Arts, Features

REVIEW: Caroline Rose’s ‘LONER’ captures the unapologetic singer’s hard edges

The new album “Loner” by Caroline Rose comes out Friday. PHOTO COURTESY MATT HOGAN

Caroline Rose’s sophomore album, “LONER,” is peppy, punky and poppy. The New York-based musician brings a unique and sometimes darkly comedic, fresh-faced perspective to the female experience. A funny, lonely and above all corrupted girl-next-door, Rose is truly captivating.

Before “LONER,” she had been described as everything from roots-rock to Americana, but on this album, she explodes with passion and plays with sound in a way that sends her directly into the pop camp. Even the album cover — a picture of Rose lighting a bundle of cigarettes that stretches her mouth wide — is a picture of the brand-new Caroline Rose, a girl on fire who, incidentally, did it to herself.

The first track, “More of the Same,” is a bit misleading, because this is anything but the same old Caroline Rose. On this track, Rose truly catapults herself into a whole new world of music, but with the same rough riffs she started with. Now armed with a synthesizer and punchier drums, Rose’s lyrics might be just as thoughtful and provocative as they’ve always been, but her music has evolved into a different sound.

It’s not hard to see how much Rose has grown into herself as an artist on this album. Her voice, lyrics and sound are full of playfulness and confidence, even on the heavier tracks like “Talk,” which are more sultry and provocative than anything else.

Her greatest strength lies in her voice and its ability to take her from genre to genre. She floats effortlessly between pop, rock, soul, electronica and more. From rougher tracks like “Money” to poppy beats like “Cry!” Rose’s distinctly heavy voice conveys a range of emotions: happiness, despair and even anger.

But it can also be her downfall — a waver here and there brings a satirical yet startling track like “Jeannie Becomes a Mom” from exceptional to filler quality.

Nonetheless, the lyrics and subject matter make up for it. The album touches on a variety of subjects that have become taboo in pop: single motherhood, conformity, misogyny, loneliness and greed. Rose certainly isn’t afraid to make a statement.

“Bikini,” a raunchy, bubbly track, addresses the objectification of women and commodification of their bodies for entertainment, all while making you want to dance to the way she implores the women from the song’s chorus to: “Put on this bikini and dance, dance, dance!”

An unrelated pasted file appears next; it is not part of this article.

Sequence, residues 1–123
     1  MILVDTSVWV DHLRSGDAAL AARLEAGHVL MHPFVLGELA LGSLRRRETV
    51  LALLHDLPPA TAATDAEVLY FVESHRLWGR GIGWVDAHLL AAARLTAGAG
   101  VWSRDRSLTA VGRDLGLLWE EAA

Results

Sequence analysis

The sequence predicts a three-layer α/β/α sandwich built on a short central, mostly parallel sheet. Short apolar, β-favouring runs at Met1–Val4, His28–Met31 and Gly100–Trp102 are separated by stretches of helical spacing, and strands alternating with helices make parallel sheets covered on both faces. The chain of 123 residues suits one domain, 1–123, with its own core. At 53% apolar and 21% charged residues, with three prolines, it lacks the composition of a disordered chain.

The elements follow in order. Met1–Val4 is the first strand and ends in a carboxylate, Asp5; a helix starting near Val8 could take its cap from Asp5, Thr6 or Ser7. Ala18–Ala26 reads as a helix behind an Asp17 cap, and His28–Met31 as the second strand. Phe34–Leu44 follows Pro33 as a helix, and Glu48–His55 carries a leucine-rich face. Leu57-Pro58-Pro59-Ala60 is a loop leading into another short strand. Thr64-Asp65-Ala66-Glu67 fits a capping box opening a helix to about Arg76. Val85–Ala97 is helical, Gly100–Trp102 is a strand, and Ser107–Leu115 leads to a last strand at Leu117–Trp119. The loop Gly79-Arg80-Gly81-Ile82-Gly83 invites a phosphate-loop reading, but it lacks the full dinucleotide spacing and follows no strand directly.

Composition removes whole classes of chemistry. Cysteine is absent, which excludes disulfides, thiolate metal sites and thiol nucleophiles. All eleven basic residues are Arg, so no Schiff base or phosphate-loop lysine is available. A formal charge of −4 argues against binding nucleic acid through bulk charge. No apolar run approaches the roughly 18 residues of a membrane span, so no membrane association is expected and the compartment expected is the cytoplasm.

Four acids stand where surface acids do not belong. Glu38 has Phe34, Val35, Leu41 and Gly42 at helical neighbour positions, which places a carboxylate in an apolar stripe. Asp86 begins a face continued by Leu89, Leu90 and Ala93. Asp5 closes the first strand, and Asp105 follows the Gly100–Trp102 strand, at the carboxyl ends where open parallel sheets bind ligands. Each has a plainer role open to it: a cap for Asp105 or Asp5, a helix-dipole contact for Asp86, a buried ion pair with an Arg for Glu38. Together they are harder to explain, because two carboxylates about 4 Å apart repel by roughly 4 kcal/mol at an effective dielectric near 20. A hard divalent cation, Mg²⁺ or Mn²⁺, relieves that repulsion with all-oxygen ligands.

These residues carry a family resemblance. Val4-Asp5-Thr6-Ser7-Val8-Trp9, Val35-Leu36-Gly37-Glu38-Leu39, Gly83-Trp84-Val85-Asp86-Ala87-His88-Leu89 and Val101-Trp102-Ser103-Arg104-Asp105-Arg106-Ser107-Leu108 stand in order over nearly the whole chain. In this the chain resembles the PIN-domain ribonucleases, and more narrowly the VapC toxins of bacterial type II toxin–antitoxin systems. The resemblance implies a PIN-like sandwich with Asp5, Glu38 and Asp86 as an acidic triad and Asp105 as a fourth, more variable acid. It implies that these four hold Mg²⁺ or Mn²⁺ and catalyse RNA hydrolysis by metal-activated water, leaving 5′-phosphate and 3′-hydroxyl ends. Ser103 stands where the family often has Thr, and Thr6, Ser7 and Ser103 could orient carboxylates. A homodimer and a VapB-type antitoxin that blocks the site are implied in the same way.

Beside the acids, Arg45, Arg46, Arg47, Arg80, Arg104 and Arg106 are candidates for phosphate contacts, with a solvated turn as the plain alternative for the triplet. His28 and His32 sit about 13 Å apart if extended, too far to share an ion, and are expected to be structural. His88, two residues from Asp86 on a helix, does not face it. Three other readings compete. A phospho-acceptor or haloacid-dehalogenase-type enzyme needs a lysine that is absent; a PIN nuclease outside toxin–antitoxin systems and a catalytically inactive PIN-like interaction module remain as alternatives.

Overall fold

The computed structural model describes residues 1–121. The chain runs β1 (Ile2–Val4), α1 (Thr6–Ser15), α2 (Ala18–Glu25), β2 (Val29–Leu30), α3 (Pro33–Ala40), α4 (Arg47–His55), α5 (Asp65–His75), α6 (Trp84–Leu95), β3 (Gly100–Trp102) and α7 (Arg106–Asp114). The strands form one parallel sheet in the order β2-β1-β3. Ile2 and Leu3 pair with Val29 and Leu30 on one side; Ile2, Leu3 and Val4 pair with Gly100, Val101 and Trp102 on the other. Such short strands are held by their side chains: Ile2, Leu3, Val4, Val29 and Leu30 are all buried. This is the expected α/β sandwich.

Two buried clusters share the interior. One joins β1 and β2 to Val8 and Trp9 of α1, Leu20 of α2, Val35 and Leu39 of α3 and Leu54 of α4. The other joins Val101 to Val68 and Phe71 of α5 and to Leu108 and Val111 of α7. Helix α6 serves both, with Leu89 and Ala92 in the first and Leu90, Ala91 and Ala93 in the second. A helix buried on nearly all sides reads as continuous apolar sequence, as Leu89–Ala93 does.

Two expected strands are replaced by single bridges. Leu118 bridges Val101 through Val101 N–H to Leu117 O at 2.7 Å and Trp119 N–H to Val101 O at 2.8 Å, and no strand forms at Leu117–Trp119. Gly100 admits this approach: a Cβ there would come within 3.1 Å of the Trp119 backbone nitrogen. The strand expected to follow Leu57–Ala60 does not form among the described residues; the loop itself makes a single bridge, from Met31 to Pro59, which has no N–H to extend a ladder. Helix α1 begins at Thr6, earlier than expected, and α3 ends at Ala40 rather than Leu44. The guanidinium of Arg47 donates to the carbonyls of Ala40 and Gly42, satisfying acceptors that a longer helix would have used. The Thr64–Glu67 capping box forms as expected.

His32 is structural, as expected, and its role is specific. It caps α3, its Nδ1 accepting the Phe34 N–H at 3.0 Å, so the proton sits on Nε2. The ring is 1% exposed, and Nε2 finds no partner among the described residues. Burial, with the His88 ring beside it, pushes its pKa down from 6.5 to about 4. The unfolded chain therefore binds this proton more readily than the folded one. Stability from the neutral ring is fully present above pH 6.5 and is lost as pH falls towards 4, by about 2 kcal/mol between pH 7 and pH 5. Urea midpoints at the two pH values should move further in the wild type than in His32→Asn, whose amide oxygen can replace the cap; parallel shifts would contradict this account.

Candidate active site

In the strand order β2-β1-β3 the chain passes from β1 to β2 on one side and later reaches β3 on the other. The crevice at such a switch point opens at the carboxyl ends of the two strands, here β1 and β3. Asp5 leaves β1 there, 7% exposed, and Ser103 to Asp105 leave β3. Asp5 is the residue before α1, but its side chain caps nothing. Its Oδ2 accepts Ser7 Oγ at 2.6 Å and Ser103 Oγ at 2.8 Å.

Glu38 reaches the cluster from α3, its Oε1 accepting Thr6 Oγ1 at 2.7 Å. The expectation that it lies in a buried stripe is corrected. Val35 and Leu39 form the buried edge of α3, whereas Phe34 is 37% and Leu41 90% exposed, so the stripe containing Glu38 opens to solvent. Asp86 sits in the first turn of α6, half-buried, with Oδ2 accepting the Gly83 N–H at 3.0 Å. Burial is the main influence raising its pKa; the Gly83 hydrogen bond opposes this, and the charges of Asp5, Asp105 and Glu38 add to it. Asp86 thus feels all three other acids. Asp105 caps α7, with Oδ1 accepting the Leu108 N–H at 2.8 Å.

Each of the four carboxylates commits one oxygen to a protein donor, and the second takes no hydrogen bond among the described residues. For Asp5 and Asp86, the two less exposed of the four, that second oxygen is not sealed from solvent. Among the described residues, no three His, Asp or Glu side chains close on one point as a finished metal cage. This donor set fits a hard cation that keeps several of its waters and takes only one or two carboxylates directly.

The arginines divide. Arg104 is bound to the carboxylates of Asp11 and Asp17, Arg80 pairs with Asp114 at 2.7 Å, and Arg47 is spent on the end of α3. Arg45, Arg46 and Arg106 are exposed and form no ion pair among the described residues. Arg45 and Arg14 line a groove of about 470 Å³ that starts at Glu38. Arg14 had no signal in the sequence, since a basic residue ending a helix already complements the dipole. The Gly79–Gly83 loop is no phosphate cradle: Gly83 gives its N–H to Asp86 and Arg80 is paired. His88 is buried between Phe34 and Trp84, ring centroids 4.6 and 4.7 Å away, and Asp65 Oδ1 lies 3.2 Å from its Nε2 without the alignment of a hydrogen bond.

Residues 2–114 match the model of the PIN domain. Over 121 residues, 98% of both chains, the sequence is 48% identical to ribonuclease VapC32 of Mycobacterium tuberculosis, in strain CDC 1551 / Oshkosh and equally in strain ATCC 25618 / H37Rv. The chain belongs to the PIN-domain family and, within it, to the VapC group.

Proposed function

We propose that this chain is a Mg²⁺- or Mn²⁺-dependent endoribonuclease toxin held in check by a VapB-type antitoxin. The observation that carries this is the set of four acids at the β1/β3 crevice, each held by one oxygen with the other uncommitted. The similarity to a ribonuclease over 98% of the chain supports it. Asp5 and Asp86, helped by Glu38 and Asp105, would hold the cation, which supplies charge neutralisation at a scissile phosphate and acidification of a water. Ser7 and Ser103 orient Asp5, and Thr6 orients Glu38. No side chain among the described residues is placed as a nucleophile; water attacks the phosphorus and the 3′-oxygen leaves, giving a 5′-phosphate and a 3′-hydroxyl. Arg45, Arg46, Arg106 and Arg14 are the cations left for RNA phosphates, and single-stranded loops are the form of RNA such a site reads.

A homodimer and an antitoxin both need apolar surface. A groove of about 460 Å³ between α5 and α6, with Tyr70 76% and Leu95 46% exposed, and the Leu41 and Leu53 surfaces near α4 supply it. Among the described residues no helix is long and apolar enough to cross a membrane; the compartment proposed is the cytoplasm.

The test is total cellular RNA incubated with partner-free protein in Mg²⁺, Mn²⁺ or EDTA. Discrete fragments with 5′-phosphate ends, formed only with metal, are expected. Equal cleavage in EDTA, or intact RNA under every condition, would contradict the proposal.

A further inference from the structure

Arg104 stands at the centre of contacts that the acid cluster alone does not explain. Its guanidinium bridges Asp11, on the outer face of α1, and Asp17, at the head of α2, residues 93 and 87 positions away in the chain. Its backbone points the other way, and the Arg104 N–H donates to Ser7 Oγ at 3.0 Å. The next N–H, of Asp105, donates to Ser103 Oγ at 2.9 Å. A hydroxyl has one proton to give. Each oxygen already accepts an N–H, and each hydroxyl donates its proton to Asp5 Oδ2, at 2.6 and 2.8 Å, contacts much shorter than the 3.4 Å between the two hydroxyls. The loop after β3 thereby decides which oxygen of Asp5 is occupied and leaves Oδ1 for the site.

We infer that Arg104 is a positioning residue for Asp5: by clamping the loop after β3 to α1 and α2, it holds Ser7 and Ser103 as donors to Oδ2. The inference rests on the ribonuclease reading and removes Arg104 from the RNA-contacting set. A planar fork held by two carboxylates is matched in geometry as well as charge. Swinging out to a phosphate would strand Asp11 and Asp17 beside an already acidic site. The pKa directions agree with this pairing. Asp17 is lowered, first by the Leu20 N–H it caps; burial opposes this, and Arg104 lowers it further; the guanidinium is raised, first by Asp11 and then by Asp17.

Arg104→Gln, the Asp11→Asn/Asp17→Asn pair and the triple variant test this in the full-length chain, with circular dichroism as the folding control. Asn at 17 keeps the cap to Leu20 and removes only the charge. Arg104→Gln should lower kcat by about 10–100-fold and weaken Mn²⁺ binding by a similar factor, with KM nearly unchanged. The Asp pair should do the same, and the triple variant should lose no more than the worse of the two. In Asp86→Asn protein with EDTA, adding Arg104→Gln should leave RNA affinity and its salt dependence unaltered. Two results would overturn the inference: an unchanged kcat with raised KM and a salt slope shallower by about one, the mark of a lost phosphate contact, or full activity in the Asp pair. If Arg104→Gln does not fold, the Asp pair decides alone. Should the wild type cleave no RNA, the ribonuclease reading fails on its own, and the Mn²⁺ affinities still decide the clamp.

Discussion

But Rose can be tender, too. “To Die Today,” a slow, electronica-and funk-influenced track that rides on her voice over a trip-worthy beat, is soft and melancholy, lonely in a way that makes the listener feel exactly the type of emptiness she conveys with her airy sounds and light harmonies. “Getting To Me” is a plucky track that relies on her amazing high notes and shows the vulnerability and insecurity hiding under her confidence-filled exterior.

And while she is all of these things — vulnerable and confident, punk-rock and ultra-pop —
more than anything, Rose is careful. She exudes a passion for her art, a certain type of deliberative crafting of sound and voice and subject matter indicative of an artist who wants nothing more than to do good.

On “Soul No. 5,” one of the singles off the album, Rose playfully sings, “I got soul”  over punchy drums and sunshine-filled guitar riffs, and it’s anything but a joke. Rose, truly, does got nothing but soul — and this is almost effortlessly conveyed in her talent as a songwriter as well as a musician.

At the end of the day, “LONER” is a pop album, but on the inside it is so much more.

It’s the passion project of an artist dedicated to having fun while being nothing but absolutely herself, an extremely underestimated act when it is so hard for female artists to be unapologetic. It’s a statement on what it means to be vulnerable and tough at the same time, to be funny with black-tinted shades on, to mix comedy with a searing and dark take on society at large.

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